Global Investing

The Big Five: themes for the week ahead

Five things to think about this week:

GOOD RUN 
-  Stocks have managed to extend their rally but potential hurdles, such as this week’s U.S. non-farm payrolls, could prove increasingly hard to leap given valuations — European stocks are trading at their highest multiples of earnings since May 2008 while the multiple for the S&P is the highest since mid-September 2008. If investors are to boost equity holdings — which Reuters polls show already back to pre-Lehman levels — it may require more concrete evidence of economic expansion, rather than just economic stabilisation, and signs that profit margins will be supported by revenue growth, rather than cost cutting. 

BOE – HANGING IN THE BALANCE
- The Bank of England will have to decide this week whether to end its asset-buying programme or extend it. Concern about potential longer-term inflation implications will have to be weighed against the signs of economic weakness still manifest in recent Q2 GDP data. With economists split on the outcome, markets look set for volatility, not least as the MPC’s decision is likely to be viewed as a indication of when other central banks could start to halt/unwind their credit easing strategy. 

SQUARING CIRCLES
- The dexterity with which China can manage surging lending and potential price pressures without unsettling markets with any rapid reversal of stimulative policy is increasingly in focus and will have financial market and macroeconomic repercussions well beyond its borders and Asia, as last week showed. Australia, which felt the spillover effect of the China jitters, has its own policy dilemma as the RBA is trying to push back against its currency’s appreciation while giving markets another reason to buy A$ by its more upbeat view on the domestic economic outlook. The RBA policy meeting this week will give the central bank a chance to show how it squares this circle.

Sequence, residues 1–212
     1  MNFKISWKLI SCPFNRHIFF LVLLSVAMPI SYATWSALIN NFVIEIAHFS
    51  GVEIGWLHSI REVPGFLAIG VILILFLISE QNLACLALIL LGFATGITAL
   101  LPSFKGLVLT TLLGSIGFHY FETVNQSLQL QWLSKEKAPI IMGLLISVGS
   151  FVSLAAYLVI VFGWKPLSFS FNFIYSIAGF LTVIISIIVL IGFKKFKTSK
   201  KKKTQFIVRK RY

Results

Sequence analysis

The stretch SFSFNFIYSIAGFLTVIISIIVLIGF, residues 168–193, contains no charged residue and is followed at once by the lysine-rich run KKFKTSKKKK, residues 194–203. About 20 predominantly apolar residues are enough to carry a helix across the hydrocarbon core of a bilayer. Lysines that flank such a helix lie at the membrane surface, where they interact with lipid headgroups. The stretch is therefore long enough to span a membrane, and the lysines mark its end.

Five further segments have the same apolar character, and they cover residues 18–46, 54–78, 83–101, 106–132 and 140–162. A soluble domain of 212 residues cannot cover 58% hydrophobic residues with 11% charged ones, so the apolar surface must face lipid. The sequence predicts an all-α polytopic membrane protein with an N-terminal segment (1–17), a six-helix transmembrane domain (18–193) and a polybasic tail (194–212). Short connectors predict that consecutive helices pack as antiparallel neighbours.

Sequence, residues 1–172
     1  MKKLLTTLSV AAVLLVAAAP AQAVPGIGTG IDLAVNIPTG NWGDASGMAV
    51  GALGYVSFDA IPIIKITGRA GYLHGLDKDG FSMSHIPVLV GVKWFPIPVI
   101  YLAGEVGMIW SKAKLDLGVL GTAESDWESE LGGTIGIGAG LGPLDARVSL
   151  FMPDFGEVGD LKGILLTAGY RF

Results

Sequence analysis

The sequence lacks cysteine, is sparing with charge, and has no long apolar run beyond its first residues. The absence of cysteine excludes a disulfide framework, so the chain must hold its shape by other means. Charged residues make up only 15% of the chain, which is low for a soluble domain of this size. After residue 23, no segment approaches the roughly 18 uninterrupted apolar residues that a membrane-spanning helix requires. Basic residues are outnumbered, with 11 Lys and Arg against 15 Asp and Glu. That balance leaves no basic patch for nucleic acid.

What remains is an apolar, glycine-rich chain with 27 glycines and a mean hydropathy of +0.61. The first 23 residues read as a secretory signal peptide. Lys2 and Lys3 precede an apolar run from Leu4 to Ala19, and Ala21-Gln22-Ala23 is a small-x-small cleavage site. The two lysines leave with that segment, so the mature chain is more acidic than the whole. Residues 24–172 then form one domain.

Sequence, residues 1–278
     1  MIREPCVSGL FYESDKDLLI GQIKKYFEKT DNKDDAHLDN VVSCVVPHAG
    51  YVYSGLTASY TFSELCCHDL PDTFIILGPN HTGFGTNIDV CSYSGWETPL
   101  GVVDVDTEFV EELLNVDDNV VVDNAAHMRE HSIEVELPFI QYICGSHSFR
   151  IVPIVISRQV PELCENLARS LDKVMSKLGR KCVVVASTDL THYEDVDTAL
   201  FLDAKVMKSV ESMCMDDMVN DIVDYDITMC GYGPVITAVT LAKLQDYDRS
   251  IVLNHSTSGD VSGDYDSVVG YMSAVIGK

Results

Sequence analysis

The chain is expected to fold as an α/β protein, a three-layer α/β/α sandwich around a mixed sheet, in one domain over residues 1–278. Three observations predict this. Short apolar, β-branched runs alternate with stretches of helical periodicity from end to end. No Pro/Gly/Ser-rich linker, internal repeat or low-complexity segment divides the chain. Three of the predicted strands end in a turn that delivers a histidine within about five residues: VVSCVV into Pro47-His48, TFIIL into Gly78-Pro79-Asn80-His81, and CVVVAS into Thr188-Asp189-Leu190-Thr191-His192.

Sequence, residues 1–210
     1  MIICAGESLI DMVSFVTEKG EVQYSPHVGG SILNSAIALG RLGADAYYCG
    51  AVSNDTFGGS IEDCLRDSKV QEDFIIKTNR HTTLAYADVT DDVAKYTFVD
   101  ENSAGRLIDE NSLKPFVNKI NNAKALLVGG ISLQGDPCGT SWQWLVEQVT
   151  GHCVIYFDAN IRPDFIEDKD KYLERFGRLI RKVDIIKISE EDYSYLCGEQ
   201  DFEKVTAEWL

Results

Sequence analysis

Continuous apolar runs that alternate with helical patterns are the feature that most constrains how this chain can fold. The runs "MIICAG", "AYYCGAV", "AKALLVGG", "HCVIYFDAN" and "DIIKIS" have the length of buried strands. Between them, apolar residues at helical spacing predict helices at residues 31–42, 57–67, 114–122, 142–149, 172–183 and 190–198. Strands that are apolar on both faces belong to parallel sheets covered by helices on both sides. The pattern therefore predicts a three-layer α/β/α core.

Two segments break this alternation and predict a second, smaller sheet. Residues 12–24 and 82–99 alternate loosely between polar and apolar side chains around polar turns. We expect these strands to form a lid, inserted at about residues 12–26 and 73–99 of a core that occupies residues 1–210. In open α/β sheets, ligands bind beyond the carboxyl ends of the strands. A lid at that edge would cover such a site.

INVENTORIES AND EXPORTS 
- Detailed PMI data and UK, Italy industrial output reports will be scanned for signs of whether the inventory decline that accompanied a rise in Japanese industrial output is being seen elsewhere, with the inventory-shipments, inventory-orders ratios remaining firmly in focus as key signals for the outlook for production. The extent to which Asian economic activity is helping trade flows will also be flagged by German and French June trade data (all the more interesting given May exports rose in both countries, despite their differing export specialisations.

LOAN PROVISIONS 
- European banks reporting this week will be closely watched for the extent to which they follow in Deutsche Bank’s footsteps by making higher loan loss provisions. The ECB’s latest lending survey shows euro zone banks’ expect to continue to tighten credit conditions in the coming months, albeit at a slower pace; heftier loan provisions will make this all but guaranteed.

Slow and steady wins the race: Malkiel

Investment guru Burton Malkiel, author of A Random Walk Down Wall Street, has revealed at a briefing that Chinese equities form the largest part of his personal satellite portfolio, although the core remains in low-cost index funds.